The board of directors and members of the Central Alberta Council on Aging invited Minister of Seniors and Community Supports and Red Deer North MLA Mary Anne Jablonski to address our annual general meeting on Oct. 6 at the Golden Circle.
This followed up on three previous meetings with her and Red Deer South MLA Cal Dallas, where we presented a long list of questions on health and long-term care to them.
At our Sept. 25 meeting, Jablonski promised to answer our questions in her Oct. 6 presentation. These questions are in three main areas, and they include:
Elder Care and Accommodation, Home Care, and the Alberta Pharmaceutical Strategy (April 23 version)
•l At last count there were some 1,600 Albertans waiting a for long-term-care beds, most of whom are occupying hospital beds. The government 2020 vision proposal provides for no increase in long-term care beds. Please explain specifically how the government plans provide beds for all of the present and future Albertans that need them?
• In 2010 Extendicare Michener Park will replace Red Deer Nursing Home and Valley Park Manor (200 combined beds) with 220 new beds, this does not have capacity for the present or for the future. How will this be resolved?
• Will the people being transferred from Valley Park Manor and Red Deer Nursing Home all be placed in the new continuing care beds at the same fee?
• How will Michener Park be staffed? Will the present staff from Valley Park and Red Deer Nursing Homes be offered positions? Will they be allowed to maintain their union agreement and be paid union rates, and will they be able to carry their pension benefits and seniority with them?
Accountability and transparency of publicly funded, private for profit facilities must be provided to the public.
The provincially owned land was sold to Extendicare and Medican. What was the price paid?
A government grant of $4.5 million was made on June 12, 2006, to Extendicare (supposedly to reduce supportive living charges for residents). How will it be accounted for to the public? When will this be explained?
When Michener Park opens, what will happen to the existing Valley Park and Red Deer Nursing home buildings and sites?
The new designations of senior care and accommodation are unclear and confusing; they promote unbundling and will create unwarranted and unexpected extra cost for ,patients.
Home Care. In 2007 the David Thompson Health Region had the lowest home care budget relative to the number of seniors. This must be increased if potential home care targets can be achieved. When will this be done?
Home Care. Aides provide 65 per cent of care. Greater medical and physiotherapy skills must be provided, More hours of effective care is needed how will this be done by Alberta health Services?
More highly skilled home care staff must be trained and recruited and retained. How is this being done?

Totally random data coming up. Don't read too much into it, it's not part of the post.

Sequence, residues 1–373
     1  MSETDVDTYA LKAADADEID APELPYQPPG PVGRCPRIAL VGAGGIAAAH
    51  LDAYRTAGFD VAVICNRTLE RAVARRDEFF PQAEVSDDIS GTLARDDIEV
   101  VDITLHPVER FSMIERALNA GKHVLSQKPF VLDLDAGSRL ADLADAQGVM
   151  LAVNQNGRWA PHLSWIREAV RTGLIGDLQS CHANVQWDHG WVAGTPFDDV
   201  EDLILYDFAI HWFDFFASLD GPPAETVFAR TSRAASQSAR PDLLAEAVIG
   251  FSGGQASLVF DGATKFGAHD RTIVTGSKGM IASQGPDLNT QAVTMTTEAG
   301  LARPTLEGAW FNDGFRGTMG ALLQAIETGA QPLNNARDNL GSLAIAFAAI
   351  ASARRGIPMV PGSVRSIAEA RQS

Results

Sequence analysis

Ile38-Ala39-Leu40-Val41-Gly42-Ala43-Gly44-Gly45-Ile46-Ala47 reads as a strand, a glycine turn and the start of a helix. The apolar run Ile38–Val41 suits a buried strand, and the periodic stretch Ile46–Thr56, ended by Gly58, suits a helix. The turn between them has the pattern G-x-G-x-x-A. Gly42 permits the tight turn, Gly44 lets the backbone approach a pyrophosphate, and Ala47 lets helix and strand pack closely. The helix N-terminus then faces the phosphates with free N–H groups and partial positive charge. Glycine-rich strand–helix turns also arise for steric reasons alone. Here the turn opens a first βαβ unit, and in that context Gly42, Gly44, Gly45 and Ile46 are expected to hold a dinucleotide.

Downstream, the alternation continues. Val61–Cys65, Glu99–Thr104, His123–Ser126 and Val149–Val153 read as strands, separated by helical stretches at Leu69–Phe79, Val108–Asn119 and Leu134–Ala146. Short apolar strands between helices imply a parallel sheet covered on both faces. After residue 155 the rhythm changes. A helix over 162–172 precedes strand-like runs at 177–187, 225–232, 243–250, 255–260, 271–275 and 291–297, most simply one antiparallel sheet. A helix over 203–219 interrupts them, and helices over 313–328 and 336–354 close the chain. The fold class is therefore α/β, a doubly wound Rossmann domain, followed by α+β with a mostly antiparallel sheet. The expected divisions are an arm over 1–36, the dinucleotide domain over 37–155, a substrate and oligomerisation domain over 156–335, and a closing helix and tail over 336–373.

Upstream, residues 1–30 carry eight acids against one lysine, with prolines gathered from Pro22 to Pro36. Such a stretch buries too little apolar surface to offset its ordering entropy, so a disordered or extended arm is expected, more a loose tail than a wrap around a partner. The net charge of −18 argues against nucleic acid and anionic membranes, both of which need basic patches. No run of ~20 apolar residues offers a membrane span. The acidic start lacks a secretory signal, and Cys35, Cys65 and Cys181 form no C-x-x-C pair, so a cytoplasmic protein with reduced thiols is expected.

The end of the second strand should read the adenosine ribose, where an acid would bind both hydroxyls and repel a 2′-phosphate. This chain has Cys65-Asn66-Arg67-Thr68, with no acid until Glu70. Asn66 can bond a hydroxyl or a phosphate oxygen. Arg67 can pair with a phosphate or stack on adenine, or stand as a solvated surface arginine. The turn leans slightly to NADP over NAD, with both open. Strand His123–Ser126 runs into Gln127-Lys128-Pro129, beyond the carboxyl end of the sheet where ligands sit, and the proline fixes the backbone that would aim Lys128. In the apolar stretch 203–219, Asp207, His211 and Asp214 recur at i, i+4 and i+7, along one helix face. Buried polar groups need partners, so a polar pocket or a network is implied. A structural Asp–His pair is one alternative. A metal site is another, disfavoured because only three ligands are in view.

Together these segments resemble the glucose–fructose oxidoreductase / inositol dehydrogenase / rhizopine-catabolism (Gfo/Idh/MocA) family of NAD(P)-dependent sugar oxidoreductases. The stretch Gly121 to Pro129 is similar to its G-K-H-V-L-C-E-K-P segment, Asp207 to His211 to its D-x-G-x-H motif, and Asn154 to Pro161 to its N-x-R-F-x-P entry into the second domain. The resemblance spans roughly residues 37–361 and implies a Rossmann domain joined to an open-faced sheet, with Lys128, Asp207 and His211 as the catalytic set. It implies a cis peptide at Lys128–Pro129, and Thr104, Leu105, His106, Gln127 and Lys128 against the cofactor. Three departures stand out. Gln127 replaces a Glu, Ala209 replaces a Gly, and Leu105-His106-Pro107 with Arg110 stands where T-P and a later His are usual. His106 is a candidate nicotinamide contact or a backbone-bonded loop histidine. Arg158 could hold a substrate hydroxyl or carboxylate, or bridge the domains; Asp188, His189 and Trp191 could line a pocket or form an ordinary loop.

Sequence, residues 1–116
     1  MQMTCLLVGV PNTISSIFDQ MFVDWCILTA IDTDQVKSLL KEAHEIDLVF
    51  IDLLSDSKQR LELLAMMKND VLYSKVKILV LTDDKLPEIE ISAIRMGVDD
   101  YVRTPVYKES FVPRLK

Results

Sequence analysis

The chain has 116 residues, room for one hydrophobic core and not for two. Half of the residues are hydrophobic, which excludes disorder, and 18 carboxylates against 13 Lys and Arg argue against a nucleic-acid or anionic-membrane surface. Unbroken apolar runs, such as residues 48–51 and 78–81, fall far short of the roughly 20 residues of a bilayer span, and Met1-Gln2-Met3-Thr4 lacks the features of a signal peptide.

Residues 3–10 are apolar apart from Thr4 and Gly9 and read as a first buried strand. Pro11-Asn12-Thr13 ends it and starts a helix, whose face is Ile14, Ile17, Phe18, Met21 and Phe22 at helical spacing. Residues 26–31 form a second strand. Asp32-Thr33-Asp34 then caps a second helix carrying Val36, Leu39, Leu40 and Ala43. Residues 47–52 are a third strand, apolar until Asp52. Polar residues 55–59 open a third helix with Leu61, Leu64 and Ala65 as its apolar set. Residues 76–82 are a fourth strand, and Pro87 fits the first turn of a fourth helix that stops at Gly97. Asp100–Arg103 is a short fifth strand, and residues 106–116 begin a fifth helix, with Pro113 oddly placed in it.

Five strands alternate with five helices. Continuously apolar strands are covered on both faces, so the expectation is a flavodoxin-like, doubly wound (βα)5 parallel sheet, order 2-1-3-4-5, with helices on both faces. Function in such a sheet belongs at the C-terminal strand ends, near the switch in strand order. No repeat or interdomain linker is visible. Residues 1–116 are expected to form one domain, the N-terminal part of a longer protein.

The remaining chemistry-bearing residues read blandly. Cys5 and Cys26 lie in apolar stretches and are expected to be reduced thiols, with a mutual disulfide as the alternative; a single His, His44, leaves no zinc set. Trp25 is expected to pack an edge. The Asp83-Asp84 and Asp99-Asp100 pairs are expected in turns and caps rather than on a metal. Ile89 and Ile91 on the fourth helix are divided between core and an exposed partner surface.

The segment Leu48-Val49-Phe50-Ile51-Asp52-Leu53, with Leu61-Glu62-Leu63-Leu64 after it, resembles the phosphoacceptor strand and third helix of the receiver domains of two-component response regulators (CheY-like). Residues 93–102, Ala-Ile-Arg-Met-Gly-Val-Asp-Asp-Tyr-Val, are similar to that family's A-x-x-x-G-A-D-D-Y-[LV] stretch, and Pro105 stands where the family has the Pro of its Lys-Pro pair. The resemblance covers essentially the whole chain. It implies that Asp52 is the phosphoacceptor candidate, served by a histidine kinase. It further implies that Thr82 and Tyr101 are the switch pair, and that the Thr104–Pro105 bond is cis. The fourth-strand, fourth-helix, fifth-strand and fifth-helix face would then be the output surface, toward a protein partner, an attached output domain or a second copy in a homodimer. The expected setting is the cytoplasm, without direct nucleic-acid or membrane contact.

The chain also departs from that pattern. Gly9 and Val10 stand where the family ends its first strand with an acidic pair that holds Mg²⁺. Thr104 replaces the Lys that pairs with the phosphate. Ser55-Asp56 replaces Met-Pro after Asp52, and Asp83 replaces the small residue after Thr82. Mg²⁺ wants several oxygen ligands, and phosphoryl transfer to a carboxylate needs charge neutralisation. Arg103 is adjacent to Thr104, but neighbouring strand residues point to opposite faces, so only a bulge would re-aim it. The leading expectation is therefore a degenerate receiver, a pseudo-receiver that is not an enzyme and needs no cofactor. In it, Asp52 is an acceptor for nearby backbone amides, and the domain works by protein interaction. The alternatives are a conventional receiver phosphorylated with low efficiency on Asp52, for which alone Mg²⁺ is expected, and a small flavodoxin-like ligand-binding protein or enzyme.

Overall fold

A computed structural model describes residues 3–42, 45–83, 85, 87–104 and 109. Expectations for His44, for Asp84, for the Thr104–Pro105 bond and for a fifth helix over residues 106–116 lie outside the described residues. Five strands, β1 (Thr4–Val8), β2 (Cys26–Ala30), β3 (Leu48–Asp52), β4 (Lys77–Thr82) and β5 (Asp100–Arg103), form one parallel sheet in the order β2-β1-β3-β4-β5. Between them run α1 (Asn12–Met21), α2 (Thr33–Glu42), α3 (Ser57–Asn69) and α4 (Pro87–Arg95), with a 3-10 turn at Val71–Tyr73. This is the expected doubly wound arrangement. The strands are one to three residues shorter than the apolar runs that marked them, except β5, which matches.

The new Alberta Pharmaceutical Strategy changed on April 23. It remains unfair to middle-income seniors.
There is no universality, it is still bureaucratic, inefficient and expensive to administer; there is a loss of privacy of personal income information, it ignores net income; it rewards those who can hide income; penalizes those who save for old age. How will this be made fair?
In 1999, a detailed booklet was issued by Health and Wellness titled Who is Accountable in Health? It must be updated so that ordinary people know who to contact when they are seeking services or have a problem.
Health Minister Ron Liepert has told us he will not update it “at this time.” Meanwhile how will we find our way in the chaos?
Minister Jablonski used a power point presentation to promote and reinforce her strategies, not answer our questions. This was not our intention and is a disappointment to us.
We Urge Minister Jablonski to keep her promise and answer our questions without further delay.
Recent coverage of the meeting by the Red Deer Advocate gave the minister an easy ride; my comments after the minister’s speech were not fully reported. They were: “For the record and with the greatest respect Minister Jablonski, the Central Alberta Council on Aging has continued to communicate grave concerns with the method and the content of the changes presented in the pharmaceutical and continuing care strategies. As you have heard, people here have a lot of concerns. You have a lot of work to do to fix that, and I wish you every success with that.”
While we are very happy with a large turnout and the respectful questions to the minister, we are again disappointed with the answers and replies from her.
We continue to urge all seniors to become informed about the changes coming from Alberta government, including thoughtful critical comment, which CACA offers in our handouts.
Everyone should have an opinion, because all will have to live with the consequences.
Sam Denhaan, President
Council on Aging